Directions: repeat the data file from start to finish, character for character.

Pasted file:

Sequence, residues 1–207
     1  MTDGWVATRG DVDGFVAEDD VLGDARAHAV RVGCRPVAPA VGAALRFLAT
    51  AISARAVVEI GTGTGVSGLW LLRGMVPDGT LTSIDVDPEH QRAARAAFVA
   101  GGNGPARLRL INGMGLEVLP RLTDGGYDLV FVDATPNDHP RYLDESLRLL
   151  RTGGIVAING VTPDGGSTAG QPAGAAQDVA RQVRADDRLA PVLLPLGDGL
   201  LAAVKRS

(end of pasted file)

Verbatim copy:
Sequence, residues 1–207
     1  MTDGWVATRG DVDGFVAEDD VLGDARAHAV RVGCRPVAPA VGAALRFLAT
    51  AISARAVVEI GTGTGVSGLW LLRGMVPDGT LTSIDVDPEH QRAARAAFVA
   101  GGNGPARLRL INGMGLEVLP RLTDGGYDLV FVDATPNDHP RYLDESLRLL
   151  RTGGIVAING VTPDGGSTAG QPAGAAQDVA RQVRADDRLA PVLLPLGDGL
   201  LAAVKRS